In addition, I wonder about the "cause of the War of 1812" question. I don't remember what I was taught in school. These days, I'd probably say the impressment of American sailors by the British and British interference with American trade both due to the Napoleonic Wars, but that (much like the Civil War) there were a number of reasons.

      •  Diagramming sentences (1+ / 0-)
        Recommended by:
        too many people

        was not something you could regurgitate easily. I was taught diagramming in school, because we were expected to use correct English (don't use an adverb where an adjective was to be used and vice versa; dependent clauses vs independent clauses, etc.). Not easy and unless you were able to memorize every sentence, you would actually have to analyze a sentence to see what the structure was and if it was correct.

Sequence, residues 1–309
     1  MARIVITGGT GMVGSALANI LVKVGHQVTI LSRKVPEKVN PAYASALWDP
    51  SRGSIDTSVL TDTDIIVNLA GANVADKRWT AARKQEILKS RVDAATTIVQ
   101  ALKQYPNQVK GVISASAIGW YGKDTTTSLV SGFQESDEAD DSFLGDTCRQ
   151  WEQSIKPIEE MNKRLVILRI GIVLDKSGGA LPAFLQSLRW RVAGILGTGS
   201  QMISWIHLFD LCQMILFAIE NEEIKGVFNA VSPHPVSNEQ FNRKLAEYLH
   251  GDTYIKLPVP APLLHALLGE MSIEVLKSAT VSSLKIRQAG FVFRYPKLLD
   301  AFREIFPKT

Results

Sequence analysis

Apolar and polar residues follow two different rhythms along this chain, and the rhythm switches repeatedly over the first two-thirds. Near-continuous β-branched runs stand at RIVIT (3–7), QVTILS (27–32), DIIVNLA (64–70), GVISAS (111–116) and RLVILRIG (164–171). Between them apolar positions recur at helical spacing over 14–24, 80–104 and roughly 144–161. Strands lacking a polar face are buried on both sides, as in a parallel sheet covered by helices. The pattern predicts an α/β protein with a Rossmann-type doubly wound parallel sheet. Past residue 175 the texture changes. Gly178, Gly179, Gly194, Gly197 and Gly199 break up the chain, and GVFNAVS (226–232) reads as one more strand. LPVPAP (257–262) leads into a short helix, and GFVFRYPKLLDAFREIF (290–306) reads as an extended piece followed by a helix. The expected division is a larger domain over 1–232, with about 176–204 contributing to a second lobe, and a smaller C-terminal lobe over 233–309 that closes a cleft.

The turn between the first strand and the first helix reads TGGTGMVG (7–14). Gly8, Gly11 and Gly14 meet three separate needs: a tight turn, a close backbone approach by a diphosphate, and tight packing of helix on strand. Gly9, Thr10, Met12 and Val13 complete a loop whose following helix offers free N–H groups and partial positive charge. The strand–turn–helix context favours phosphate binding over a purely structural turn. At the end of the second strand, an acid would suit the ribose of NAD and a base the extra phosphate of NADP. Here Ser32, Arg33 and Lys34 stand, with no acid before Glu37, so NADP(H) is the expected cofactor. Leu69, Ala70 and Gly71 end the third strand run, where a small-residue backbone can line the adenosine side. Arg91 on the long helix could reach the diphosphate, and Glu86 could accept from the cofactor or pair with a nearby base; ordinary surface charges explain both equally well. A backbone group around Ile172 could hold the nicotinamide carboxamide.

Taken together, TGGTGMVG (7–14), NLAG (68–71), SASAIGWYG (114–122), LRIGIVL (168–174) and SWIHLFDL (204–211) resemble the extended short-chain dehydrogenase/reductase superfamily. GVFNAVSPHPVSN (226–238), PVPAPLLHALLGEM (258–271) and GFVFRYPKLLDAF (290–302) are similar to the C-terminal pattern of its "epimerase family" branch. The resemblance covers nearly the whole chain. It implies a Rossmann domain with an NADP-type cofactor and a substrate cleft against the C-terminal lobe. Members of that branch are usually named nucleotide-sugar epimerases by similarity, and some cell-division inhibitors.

I reject your reality and substitute my own - Adam Savage

        by woolibaar on Tue Aug 13, 2013 at 07:51:27 PM PDT

        [ Parent ]

      •  If you learned how to diagram sentences, (0+ / 0-)

        Then you would find that grammars are beautiful mathematical structures, and old start to wonder what other things in the world are similar to grammars.

        "No reason why on the street today, a citizen should be carrying loaded weapons." Ronald Reagan

        by ldness on Sun Apr 12, 2015 at 02:35:13 PM PDT

        [ Parent ]

  •  To be fair... (5+ / 0-)

    I'm not sure I could pass some of the exams I took in 8th grade concerning history and grammar and whatnot. If given the opportunity to study this information and then take the exam, I'm sure I would do fine.  But, if you don't use the information, you lose it.

    Granted, it speaks perhaps to a lack of a well-rounded education earlier in life these days, but it also speaks to a lack of retention.